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13 thoughts on “Surprises on Every Podium at Junior Euros

  1. What are your thoughts on Komovas career/legacy/role of the Russian Federation now that she retired? Are you doing an article on it?

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      • She announced
        on her personal vk account that she’s “stepping down from training” because of continuing back pains. My guess is that Vktoria realized bars is her ticket, inbar stalders are a huge part of her routine, back pains equals difficulty in performing in bar stalders, no inbar stalders equals low difficulty , while utilizing in bar stalders too quickly in recovery pushes huge injury risk, equals no Rio and no Rio (which Viktoria confirmed in winter was
        to be her last competition) equals end of career. I know that from time to time we gets lots of rumors of gymnasts retiring or being injured or whatever but Rewriting Russian Gymnastics had a translation of her message and while I didn’t see the clip, she apparently said them in a clip as well. Viktoria has often said things she doesn’t mean at the height of bad times or in emotion, but she wouldn’t go this far if she hadn’t thought it through first.

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        • She’s stepping down and away from Rio 2016 but she didn’t announce her retirement. I’m not posting that she has retired until she has said “I’m retiring.”

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      • Thank you for the clarification. I just assumed retirement because she the “stepping down from training” bit was very vague, no specification of “stepping down from Russia Cup or Rio” but training which contextually would lead me to apply it to her career. She is and has been since London one of my all time favorite gymnasts so I would love to see her come back after resting herself for another worlds or Tokyo Olympics even if for one event only, but I don’t see it happening and I’m so gutted in a personal sense, for Komova herself and for the Russian team that Rio will no longer happen for her.

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        • Yeah, she said something about the next couple of competitions she’ll have to sit out, and for her, the “next couple” of competitions = Russian Cup and Olympics. I can see her coming back in the next quad just to give it a shot. I’m sure she’s disappointed about it not happening this year so I don’t see her finishing on that note.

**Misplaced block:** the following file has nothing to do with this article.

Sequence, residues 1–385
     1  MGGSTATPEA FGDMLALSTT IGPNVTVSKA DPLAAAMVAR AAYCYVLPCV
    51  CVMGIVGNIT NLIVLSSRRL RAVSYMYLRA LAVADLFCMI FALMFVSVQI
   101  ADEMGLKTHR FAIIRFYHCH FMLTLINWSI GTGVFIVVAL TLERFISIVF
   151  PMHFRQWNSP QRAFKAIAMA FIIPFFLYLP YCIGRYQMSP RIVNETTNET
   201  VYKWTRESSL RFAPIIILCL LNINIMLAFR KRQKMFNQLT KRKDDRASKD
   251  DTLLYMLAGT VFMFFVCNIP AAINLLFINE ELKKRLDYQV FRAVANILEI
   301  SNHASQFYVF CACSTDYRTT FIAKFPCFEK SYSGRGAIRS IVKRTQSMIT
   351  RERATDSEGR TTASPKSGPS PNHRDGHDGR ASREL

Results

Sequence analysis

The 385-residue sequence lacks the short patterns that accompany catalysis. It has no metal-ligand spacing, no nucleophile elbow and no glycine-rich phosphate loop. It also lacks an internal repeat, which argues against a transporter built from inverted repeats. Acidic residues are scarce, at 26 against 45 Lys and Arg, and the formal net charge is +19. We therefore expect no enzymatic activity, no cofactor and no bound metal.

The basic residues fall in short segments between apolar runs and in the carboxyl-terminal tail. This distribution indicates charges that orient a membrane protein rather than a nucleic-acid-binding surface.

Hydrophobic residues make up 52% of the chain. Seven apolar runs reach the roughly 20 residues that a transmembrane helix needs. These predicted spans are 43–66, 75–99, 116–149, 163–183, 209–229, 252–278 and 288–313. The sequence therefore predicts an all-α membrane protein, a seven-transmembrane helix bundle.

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      • I think this is most likely it for her, but then I also think we’ve seen many gymnasts rewrite the rules and change our expectations on what things like longevity and retirement mean in this sport over the last 15 years. So you never know! Either way she has a lot to be proud of & I’m disappointed to see her go, though I’ve thought the writing was on the wall and getting clearer for a month now.

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  2. I hope Vika continues. She hasn’t had enough time to showcase her brilliance on the world stage. And she is a brilliant gymnast. I don’t know why she gets injured so much. Not all of her injuries/ailments are gymnastics related, either. Remember her bout with meningitis? She is the most unfortunate gymnast I can remember for a while. She’s up there with Chellsie Memmel.

    The Russian WAG team has a serious problem with back injuries. For the Americans, it’s mostly knee injuries. And Romania… well, they have every injury imaginable. This is one of the curses of the COP. These girls’ bodies cannot take the pounding and twisting required for top D scores.